Sen. Chris Dodd, facing the lowest approval ratings of any Senate Democratic incumbent,is in political purgatory. But on the subject of AIG's bonuses, he doesn't deserve the bad rap. Dodd is being blamed for OKing a proviso in the American Recovery and Reinvestment Act guaranteeing previously sanctioned employment contracts. He faces intense political pressure because of his long-standing friendship with bankers and lenders, which has made him a key player in the negotiations between financial institutions and the government. In a statement yesterday, Dodd called on AIG executives to voluntarily refuse their bonuses. The truth is that the codicil was added in conference by mutual agreement of House and Senate Democrats and the White House. At the time, the administration worried about both the perception and the reality of government's interfering in the decisions and internal operations of the banks. Backstopping employment contracts was controversial to critics, but to an administration that was trying to work with the banks, it was an easy call. The worry was that the banks would suffer immediate and disasterous brain drain if the govenment could abrogate (the world of the week!) employment contracts willy-nilly. Apparently, no one at the Treasury Department or the New York Federal Reserve Board bothered to check on what those contracts actually contained - therein was the sin of omission, if you can call it that. How many tens of thousands of employees does AIG have? And didn't Geithner recuse himself from dealing with AIG?
As Conor Clarke noted below, title VII Sec. 111 of the American Recovery and Reinvestment Act permits the Secretary of the Treasury to recoup any bonuses or excess compensation from corporations accepting a threshold amount of TARP money.
In conference -- Dodd was not a conferee -- the following clause was added to reconcile differences between the Senate and House bills:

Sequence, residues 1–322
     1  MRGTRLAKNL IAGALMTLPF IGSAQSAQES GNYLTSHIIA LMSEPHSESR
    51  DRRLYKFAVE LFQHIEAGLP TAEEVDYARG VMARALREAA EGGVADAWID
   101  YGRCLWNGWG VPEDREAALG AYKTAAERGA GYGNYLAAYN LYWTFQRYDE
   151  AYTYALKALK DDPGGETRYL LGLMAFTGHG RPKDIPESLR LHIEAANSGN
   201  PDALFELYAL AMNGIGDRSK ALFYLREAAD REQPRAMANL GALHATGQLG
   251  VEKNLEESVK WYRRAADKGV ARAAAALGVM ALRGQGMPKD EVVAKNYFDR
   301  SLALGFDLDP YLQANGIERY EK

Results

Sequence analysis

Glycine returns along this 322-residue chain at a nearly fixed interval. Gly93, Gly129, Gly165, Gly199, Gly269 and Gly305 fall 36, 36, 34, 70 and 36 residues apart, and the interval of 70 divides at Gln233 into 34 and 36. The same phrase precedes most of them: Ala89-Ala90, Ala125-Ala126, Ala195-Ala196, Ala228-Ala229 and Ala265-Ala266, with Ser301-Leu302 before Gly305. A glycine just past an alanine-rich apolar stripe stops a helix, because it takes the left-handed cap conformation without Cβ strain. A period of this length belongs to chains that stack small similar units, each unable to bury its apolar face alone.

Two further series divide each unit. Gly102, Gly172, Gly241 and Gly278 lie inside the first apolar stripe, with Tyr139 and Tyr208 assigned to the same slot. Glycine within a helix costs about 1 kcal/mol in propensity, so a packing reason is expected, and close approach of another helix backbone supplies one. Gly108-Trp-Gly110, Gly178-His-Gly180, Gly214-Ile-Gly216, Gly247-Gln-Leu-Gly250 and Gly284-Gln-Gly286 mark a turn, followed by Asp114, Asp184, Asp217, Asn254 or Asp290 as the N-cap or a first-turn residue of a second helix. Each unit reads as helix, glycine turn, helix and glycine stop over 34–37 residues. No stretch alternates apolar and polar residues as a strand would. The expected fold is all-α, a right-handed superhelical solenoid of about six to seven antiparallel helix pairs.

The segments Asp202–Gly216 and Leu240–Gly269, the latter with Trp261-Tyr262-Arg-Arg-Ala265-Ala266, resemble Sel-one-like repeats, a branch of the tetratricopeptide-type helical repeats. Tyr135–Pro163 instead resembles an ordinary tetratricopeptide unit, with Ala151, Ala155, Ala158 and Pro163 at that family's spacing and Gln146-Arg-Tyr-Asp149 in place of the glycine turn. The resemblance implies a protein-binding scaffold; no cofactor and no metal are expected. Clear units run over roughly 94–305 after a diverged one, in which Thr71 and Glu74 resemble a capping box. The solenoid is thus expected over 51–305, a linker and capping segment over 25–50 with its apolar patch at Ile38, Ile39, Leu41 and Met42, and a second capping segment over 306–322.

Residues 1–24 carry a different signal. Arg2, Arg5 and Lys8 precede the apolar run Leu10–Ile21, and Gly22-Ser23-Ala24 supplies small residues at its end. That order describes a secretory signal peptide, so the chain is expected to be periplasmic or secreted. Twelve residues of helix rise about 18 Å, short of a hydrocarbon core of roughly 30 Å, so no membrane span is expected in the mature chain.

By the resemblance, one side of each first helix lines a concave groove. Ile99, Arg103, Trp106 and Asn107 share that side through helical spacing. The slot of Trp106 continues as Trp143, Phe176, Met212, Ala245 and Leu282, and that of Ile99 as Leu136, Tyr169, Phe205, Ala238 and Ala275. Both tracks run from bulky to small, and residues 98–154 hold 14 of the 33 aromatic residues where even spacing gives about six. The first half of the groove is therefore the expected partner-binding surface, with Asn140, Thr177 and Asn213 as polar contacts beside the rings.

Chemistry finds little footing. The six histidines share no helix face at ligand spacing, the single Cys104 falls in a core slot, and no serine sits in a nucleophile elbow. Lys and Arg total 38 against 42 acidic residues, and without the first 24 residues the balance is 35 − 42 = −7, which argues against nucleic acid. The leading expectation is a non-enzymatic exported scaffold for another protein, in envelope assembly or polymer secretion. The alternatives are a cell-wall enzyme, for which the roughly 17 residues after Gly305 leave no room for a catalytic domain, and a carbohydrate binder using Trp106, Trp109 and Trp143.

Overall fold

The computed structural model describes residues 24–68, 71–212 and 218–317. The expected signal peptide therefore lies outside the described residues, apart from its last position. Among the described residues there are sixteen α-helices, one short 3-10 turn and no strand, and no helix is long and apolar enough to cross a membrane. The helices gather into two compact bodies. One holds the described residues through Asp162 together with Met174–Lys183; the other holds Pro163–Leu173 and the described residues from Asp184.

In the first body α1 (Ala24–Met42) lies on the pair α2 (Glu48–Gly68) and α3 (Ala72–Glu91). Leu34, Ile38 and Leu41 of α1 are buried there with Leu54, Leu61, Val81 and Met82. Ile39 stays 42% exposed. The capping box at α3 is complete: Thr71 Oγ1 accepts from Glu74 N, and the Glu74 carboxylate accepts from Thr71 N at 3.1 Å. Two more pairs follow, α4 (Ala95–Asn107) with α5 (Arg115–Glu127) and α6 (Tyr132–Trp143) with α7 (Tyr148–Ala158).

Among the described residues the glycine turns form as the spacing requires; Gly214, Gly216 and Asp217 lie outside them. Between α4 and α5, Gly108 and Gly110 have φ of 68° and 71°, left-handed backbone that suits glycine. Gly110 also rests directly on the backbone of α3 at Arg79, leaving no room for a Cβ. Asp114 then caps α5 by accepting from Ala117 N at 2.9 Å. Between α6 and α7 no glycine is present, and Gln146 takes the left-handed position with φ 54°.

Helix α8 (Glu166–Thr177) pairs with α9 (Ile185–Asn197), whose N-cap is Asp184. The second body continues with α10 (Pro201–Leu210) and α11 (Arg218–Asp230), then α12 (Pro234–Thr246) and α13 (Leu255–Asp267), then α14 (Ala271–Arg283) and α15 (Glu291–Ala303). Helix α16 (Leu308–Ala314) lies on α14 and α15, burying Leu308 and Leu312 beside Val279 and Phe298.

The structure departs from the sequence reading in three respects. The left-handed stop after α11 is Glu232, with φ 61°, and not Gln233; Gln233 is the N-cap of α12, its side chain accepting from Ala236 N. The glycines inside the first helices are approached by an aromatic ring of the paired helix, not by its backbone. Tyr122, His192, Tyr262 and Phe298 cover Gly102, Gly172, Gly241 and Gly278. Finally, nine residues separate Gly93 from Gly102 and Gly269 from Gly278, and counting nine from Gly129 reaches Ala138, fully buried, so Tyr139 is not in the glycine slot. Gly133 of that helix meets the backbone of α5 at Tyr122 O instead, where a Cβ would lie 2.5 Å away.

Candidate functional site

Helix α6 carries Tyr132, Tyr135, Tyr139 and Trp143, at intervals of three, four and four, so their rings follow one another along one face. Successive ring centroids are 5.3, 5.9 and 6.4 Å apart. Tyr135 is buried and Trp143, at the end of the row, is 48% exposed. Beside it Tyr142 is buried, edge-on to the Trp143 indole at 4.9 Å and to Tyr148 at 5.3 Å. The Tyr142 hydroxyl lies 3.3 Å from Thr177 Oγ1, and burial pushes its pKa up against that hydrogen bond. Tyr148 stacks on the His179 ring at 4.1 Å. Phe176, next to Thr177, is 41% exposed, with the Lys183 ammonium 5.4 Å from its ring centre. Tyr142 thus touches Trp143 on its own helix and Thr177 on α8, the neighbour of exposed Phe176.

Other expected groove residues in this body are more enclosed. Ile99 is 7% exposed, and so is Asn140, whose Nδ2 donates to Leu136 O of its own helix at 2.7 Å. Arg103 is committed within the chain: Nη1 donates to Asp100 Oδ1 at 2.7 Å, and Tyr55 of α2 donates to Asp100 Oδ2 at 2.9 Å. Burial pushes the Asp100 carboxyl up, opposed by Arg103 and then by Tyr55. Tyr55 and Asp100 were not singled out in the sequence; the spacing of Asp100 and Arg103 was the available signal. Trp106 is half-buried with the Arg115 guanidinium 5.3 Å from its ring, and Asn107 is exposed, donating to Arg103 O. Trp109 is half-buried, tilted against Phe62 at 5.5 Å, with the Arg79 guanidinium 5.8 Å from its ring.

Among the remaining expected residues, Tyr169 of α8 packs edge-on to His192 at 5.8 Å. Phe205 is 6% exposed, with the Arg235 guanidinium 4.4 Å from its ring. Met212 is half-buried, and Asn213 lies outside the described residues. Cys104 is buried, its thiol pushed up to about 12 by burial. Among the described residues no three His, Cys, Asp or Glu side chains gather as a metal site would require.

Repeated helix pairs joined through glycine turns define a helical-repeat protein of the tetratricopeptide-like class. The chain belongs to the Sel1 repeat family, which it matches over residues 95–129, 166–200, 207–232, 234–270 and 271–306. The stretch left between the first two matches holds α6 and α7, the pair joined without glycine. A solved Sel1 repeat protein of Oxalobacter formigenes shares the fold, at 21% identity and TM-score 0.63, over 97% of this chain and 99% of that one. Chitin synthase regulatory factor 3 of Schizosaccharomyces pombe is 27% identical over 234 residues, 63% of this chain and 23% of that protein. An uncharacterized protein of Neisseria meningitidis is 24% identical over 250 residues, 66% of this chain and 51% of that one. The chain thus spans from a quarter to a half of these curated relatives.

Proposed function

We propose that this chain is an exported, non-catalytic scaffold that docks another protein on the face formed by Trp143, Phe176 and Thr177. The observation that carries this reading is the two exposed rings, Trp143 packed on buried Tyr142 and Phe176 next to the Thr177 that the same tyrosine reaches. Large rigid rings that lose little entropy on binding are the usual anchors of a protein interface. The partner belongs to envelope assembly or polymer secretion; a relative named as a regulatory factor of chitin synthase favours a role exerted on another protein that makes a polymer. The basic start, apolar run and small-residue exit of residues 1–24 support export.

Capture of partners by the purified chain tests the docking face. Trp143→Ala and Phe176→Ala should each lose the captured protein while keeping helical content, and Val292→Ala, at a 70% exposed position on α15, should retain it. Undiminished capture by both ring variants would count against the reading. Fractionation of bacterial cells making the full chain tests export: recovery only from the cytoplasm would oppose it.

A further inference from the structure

iii) The prohibition required under clause (i) shall not be construed to prohibit any bonus payment required to be paid pursuant to a written employment contract executed on or before February 11, 2009, as such valid employment contracts are determined by the Secretary or the designee of the Secretary.
Dodd, the chair of the banking committee, agreed to this language because most all of the stakeholders - including the administration - wanted it. But the original bill passed by the Senate contains Dodd's compensation limits without the carve out the exemption for bonuses. So there is no evidence that Dodd bowed to pressure from his contributors or that he was the author, the force of nature, behind it.
A few other points: the language seems to create a loophole for ameliorate action -- "as such valid employment contracts are determined by the Secretary" -- seems to give the Treasury Secretary the power to judge whether a contract is valid. But clearly, the intent of the clause is to give the Treasury discretion over cases where the contracts aren't obviously valid, like, an instance of a trader given the oral guarantee for a bonus.
I am told that the Treasury does NOT consider the clause to be operative here; the contracts are valid. Here's another loophole: the language does NOT prohibit TARP-taking companies from doing other things to increase the pay of top executives, like, for example, increasing base salaries. (Moments after writing this sentence, a correspondent e-mailed me a link to a Wall Street Journal story suggesting just this scenario.)